How to turn a Mom Acquaintance into a Mom Friend
- Get a phone number or email while you’re chatting. Yes, it feels like being at a singles’ bar, but do it anyway. You might never cross paths again otherwise. Feel free to joke about the awkwardness of it all.
- Make a connection right away. You don’t have to text your potential mom bestie tomorrow, but don’t wait weeks to call her.
- Make an effort to set a date. Call or text with a specific hang out idea with kids–meeting at a fun local playground is always a safe bet.
- Move past small talk. Feel free to share some more intimate details about yourself and to talk about your life separate from the kids. This might encourage her to share, too, and will let you guys know if you’re on the same page.
- Be understanding if plans fall through. If she cancels your ‘date’ try to reschedule, it’s likely not personal. You’re busy, too, right?
- Choose moms with a similar philosophy or at least try to find common ground. It’s rare that you’ll find a mama who looks at child-rearing exactly the same way you do. It will be difficult, though, for a helicopter mom to be friends with a free range mom. When possible, look for the ways you’re similar, and try to build on them.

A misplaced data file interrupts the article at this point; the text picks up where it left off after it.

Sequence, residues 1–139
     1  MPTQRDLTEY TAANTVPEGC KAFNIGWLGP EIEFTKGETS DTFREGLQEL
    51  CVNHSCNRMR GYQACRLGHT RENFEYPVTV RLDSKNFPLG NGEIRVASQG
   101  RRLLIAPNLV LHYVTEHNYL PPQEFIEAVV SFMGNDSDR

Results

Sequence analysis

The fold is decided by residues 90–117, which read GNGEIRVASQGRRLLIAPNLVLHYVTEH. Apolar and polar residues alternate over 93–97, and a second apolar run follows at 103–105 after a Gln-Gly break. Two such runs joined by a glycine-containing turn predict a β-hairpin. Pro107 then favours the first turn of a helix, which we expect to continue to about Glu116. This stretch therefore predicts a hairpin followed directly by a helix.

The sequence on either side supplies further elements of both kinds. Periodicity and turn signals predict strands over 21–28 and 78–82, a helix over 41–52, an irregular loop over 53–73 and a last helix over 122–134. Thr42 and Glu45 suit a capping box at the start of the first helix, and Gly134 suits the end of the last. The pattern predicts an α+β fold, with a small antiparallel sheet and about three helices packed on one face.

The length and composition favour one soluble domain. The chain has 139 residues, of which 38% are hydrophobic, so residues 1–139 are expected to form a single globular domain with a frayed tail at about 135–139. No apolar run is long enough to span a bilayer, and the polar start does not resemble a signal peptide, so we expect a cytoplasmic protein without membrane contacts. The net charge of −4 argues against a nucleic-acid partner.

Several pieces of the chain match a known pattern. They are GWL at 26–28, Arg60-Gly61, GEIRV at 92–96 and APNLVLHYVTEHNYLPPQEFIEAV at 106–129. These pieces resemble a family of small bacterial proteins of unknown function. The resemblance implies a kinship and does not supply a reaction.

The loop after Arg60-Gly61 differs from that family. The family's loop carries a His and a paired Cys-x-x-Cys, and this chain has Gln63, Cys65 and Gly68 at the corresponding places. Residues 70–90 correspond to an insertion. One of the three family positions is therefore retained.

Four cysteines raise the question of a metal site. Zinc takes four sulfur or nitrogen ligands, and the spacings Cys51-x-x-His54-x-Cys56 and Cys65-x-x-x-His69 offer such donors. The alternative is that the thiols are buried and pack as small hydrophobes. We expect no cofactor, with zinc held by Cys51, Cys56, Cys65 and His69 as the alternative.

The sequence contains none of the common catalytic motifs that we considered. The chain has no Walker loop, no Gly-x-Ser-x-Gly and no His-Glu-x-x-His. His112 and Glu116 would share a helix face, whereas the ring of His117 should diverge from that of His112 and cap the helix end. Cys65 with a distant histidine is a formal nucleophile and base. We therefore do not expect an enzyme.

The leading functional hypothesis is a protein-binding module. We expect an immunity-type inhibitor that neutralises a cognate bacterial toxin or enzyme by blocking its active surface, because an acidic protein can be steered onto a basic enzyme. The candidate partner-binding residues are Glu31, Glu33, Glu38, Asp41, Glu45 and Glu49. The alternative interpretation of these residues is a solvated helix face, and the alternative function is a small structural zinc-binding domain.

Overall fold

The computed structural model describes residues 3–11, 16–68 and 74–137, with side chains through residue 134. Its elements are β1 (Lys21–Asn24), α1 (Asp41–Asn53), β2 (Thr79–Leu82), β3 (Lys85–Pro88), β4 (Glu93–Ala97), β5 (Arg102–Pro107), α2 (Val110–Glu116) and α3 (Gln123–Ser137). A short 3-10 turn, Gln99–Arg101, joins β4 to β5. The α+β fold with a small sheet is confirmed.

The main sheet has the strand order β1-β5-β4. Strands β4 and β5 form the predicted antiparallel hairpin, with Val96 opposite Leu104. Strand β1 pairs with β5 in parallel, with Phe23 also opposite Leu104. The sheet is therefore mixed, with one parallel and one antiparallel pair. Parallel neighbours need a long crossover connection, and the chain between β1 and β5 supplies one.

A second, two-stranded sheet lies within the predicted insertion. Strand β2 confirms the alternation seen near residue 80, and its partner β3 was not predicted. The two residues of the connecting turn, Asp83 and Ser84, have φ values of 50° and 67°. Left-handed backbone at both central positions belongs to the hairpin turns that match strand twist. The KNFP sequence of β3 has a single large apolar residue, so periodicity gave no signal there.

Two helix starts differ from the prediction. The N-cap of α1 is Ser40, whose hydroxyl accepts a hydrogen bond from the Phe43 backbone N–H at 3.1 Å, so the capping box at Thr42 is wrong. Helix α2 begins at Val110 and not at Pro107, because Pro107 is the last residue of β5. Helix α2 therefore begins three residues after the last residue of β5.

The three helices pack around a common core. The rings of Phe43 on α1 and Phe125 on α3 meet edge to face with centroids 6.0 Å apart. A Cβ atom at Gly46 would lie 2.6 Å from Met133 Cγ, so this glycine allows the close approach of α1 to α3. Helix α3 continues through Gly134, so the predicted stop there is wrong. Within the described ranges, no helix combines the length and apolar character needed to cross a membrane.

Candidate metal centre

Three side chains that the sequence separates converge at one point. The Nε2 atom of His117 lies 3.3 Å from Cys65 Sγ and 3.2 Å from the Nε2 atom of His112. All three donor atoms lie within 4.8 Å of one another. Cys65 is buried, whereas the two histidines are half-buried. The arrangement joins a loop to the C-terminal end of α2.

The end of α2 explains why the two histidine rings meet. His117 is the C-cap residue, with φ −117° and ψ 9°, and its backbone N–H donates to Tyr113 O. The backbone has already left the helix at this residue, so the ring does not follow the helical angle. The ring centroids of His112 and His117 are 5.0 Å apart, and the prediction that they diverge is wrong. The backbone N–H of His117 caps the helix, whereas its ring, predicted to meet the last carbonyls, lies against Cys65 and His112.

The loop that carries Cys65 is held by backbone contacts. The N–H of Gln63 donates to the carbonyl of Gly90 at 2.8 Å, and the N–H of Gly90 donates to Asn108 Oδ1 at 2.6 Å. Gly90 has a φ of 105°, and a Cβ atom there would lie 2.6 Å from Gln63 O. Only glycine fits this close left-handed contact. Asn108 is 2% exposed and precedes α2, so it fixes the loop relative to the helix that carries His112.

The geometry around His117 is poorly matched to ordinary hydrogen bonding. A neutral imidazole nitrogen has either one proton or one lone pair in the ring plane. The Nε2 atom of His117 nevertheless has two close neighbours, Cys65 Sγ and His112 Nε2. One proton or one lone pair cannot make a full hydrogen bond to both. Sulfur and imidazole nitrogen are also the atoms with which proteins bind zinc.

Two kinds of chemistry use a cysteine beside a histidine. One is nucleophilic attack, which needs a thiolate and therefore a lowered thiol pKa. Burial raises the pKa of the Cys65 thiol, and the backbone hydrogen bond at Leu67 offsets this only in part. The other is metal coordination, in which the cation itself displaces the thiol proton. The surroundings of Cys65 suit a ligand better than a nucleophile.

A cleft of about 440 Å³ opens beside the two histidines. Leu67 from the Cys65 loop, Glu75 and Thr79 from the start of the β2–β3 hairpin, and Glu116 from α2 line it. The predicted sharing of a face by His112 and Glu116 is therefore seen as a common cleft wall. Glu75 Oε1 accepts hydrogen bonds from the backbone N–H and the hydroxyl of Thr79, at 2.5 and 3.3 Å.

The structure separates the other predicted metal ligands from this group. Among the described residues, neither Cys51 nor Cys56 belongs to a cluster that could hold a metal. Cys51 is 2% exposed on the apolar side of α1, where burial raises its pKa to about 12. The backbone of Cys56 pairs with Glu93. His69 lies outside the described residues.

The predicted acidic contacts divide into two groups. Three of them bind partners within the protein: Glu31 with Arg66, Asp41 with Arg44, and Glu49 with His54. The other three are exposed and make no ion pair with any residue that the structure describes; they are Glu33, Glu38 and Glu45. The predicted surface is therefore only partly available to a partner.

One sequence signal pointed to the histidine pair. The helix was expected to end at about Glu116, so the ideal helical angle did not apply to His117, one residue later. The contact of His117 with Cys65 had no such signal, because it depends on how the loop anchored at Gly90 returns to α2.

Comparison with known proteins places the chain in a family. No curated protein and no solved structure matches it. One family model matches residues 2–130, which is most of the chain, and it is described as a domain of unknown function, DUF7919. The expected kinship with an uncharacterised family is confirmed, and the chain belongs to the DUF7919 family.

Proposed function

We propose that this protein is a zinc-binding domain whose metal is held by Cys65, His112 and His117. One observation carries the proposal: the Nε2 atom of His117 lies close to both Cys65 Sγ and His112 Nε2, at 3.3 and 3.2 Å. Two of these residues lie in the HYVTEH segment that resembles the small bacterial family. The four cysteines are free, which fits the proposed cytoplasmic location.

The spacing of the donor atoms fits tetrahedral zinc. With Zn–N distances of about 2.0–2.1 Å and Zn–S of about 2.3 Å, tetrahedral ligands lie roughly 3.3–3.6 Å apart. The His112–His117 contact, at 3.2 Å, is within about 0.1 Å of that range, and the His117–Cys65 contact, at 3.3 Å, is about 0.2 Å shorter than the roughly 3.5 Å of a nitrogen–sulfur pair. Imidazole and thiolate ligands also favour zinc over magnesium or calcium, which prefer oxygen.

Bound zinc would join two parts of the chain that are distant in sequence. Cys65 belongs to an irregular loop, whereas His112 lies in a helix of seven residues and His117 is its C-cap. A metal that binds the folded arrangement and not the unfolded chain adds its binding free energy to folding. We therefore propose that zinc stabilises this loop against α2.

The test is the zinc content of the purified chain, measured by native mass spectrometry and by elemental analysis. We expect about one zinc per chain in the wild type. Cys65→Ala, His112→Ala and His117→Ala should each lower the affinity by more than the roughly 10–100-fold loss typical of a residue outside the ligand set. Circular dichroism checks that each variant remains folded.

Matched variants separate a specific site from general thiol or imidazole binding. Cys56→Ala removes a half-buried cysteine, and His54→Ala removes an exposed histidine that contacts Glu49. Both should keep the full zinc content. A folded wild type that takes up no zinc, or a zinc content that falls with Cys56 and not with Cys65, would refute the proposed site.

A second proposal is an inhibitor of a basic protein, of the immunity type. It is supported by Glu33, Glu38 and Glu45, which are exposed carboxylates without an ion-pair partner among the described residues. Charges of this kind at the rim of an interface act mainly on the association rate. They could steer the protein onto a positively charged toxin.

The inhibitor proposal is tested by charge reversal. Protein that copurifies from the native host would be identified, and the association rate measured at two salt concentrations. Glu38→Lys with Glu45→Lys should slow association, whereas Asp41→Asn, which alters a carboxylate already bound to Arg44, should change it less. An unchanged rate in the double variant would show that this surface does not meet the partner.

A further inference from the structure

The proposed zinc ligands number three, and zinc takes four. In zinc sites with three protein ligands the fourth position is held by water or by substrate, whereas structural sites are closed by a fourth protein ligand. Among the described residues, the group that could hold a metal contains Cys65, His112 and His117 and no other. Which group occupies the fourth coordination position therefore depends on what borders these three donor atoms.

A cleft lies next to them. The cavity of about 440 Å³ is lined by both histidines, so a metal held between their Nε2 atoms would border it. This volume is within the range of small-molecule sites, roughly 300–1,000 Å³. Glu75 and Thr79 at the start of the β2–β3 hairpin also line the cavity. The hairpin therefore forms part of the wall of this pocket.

- End the relationship kindly if you’re not a match. You’re a mom now, and you’ve got to guard your time wisely if you want to get anything extraordinary done. If this mom relationship is not working for any reason, move on.
A note for my fellow introverted moms: Striking up random conversations with strangers can be stressful. This conversation muscle needs to be exercised, though. Continue to use it, and conversations will seem easier and easier. If you want to approach another mom but have no idea what to say, share something about yourself or ask an open-ended question that gets the other mom talking.
When all of this feels impossible, remember all the reasons you need mom friends that I outlined above. If you still are having trouble chatting, remember that your child is counting on you to be social. If you act like a recluse, your child might lack social connections also.
As for me, although I did get a phone number, my encounter at My Gym didn’t result in a bestie. Regularly practicing putting myself out there did make meeting new people easier. I now have a really nice mom tribe both online and in real life.
This ‘making friends’ game is never done, though. We’ve just sold our house, and are hitting the road, so I’m officially back in mama singles’ mode. What was the name of that app?